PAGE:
* we observe that Mnets provide a general, more powerful framework from which the state-of-the-art unweighted epsilon-net results follow immediately, and
* simplifying and generalizing one of the main technical tools in [Fox et al. , J. of the EMS, to appear].

Kunal Dutta, Arijit Ghosh, Bruno Jartoux, and Nabil H. Mustafa. Shallow Packings, Semialgebraic Set Systems, Macbeath Regions, and Polynomial Partitioning. In 33rd International Symposium on Computational Geometry (SoCG 2017). Leibniz International Proceedings in Informatics (LIPIcs), Volume 77, pp. 38:1-38:15, Schloss Dagstuhl – Leibniz-Zentrum für Informatik (2017)

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@InProceedings{dutta_et_al:LIPIcs.SoCG.2017.38, author = {Dutta, Kunal and Ghosh, Arijit and Jartoux, Bruno and Mustafa, Nabil H.}, title = {{Shallow Packings, Semialgebraic Set Systems, Macbeath Regions, and Polynomial Partitioning}}, booktitle = {33rd International Symposium on Computational Geometry (SoCG 2017)}, pages = {38:1--38:15}, series = {Leibniz International Proceedings in Informatics (LIPIcs)}, ISBN = {978-3-95977-038-5}, ISSN = {1868-8969}, year = {2017}, volume = {77}, editor = {Aronov, Boris and Katz, Matthew J.}, publisher = {Schloss Dagstuhl -- Leibniz-Zentrum f{\"u}r Informatik}, address = {Dagstuhl, Germany}, URL = {https://drops.dagstuhl.de/entities/document/10.4230/LIPIcs.SoCG.2017.38}, URN = {urn:nbn:de:0030-drops-71991}, doi = {10.4230/LIPIcs.SoCG.2017.38}, annote = {Keywords: Epsilon-nets, Haussler's packing lemma, Mnets, shallow-cell complexity, shallow packing lemma} }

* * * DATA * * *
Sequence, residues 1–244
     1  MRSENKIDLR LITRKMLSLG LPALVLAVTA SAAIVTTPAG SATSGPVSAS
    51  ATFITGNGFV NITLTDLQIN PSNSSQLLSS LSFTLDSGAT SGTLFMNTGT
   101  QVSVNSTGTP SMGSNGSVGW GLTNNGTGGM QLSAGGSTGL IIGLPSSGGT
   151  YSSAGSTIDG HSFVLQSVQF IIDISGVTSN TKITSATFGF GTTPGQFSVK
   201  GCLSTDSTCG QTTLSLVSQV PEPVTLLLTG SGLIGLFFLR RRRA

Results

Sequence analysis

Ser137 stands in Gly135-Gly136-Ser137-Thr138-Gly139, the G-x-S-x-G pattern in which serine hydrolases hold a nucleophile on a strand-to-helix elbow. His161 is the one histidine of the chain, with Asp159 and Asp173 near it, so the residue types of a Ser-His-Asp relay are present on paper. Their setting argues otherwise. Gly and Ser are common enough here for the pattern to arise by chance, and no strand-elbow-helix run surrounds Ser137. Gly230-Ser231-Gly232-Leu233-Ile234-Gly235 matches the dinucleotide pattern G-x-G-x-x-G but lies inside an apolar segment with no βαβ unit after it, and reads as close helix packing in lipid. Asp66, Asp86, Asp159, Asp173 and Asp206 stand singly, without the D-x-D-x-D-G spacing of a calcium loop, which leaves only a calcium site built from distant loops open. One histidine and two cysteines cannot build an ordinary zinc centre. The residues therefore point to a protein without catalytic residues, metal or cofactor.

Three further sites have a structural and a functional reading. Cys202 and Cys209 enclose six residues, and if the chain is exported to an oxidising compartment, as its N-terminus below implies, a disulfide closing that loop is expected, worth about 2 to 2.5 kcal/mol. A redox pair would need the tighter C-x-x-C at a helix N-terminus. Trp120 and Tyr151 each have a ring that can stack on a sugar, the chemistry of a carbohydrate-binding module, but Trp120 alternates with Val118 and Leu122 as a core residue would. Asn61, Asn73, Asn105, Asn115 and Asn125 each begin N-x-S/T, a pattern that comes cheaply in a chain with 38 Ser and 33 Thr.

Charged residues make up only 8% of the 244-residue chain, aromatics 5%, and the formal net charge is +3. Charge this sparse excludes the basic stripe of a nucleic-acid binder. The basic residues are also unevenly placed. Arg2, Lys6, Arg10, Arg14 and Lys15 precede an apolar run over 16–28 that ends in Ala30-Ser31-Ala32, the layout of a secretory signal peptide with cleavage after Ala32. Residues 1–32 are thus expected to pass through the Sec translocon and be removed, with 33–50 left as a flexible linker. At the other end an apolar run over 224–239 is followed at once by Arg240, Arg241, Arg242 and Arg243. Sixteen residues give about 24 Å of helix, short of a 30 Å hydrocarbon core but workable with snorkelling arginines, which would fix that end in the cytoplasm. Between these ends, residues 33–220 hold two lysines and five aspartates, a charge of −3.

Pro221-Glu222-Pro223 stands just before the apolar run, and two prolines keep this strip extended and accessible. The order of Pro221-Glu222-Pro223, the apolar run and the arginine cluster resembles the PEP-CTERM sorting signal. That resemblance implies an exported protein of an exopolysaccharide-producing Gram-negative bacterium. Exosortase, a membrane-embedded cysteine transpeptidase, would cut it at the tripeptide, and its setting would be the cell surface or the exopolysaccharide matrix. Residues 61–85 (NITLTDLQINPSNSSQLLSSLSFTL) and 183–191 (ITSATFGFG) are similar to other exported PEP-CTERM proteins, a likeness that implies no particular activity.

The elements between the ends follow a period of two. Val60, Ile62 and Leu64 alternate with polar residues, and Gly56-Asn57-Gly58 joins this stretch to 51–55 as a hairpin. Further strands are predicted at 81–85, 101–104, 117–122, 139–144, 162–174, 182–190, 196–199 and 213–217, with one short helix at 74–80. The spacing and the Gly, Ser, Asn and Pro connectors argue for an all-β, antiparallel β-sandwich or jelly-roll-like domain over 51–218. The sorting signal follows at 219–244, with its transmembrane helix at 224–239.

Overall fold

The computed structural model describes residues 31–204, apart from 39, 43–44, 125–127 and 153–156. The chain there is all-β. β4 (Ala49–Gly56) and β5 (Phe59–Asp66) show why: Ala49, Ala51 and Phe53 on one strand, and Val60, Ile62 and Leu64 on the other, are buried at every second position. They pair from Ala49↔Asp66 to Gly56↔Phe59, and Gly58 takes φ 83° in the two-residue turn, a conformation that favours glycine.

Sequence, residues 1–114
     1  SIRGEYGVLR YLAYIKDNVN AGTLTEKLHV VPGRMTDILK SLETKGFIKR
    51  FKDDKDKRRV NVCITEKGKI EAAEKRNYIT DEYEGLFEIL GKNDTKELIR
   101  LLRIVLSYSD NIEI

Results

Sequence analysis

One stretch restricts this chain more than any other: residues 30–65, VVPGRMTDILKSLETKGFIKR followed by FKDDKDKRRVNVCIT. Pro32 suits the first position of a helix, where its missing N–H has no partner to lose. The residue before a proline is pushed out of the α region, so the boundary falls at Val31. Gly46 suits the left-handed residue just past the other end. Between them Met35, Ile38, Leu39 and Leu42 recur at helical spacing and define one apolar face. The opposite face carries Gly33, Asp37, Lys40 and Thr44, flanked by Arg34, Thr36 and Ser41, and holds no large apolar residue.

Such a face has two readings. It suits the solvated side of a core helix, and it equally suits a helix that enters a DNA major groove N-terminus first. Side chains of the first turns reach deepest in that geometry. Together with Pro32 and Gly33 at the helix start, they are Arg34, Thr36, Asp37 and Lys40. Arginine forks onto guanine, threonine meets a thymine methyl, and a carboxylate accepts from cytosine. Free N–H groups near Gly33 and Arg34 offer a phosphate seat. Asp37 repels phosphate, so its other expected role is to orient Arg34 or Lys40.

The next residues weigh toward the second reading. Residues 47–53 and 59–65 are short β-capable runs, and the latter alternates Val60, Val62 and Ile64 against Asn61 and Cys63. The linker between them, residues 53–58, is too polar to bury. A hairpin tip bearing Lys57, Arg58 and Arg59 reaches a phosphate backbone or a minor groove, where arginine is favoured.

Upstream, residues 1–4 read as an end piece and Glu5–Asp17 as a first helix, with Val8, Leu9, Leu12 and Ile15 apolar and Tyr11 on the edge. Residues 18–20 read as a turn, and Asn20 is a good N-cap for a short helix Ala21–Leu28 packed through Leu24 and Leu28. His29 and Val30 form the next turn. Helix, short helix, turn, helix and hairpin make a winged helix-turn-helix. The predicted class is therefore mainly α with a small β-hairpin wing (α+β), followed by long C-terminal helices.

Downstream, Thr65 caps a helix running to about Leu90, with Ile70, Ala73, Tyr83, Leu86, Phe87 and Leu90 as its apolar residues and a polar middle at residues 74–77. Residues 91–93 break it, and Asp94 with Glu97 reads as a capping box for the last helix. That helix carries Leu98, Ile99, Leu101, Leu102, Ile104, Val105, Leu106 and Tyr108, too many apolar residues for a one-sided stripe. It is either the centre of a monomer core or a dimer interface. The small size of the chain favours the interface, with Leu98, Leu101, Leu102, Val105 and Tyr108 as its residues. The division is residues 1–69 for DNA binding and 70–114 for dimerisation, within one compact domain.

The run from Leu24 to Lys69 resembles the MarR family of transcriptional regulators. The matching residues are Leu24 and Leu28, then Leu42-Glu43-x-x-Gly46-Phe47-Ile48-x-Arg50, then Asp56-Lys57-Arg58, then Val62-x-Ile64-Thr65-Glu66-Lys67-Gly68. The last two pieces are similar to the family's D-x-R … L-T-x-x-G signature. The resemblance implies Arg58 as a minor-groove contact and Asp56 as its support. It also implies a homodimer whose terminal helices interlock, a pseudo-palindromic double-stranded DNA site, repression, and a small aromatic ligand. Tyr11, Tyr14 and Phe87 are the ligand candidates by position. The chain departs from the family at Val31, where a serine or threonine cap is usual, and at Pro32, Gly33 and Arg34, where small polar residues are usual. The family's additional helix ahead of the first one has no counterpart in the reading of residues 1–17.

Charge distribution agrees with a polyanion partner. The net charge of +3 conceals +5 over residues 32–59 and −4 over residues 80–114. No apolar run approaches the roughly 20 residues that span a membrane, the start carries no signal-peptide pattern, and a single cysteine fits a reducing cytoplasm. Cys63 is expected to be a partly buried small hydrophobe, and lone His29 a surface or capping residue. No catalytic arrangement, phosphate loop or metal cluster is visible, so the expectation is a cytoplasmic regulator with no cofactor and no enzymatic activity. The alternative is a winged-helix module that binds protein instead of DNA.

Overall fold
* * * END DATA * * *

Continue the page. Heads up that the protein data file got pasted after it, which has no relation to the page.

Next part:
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**Published in:** LIPIcs, Volume 30, 32nd International Symposium on Theoretical Aspects of Computer Science (STACS 2015)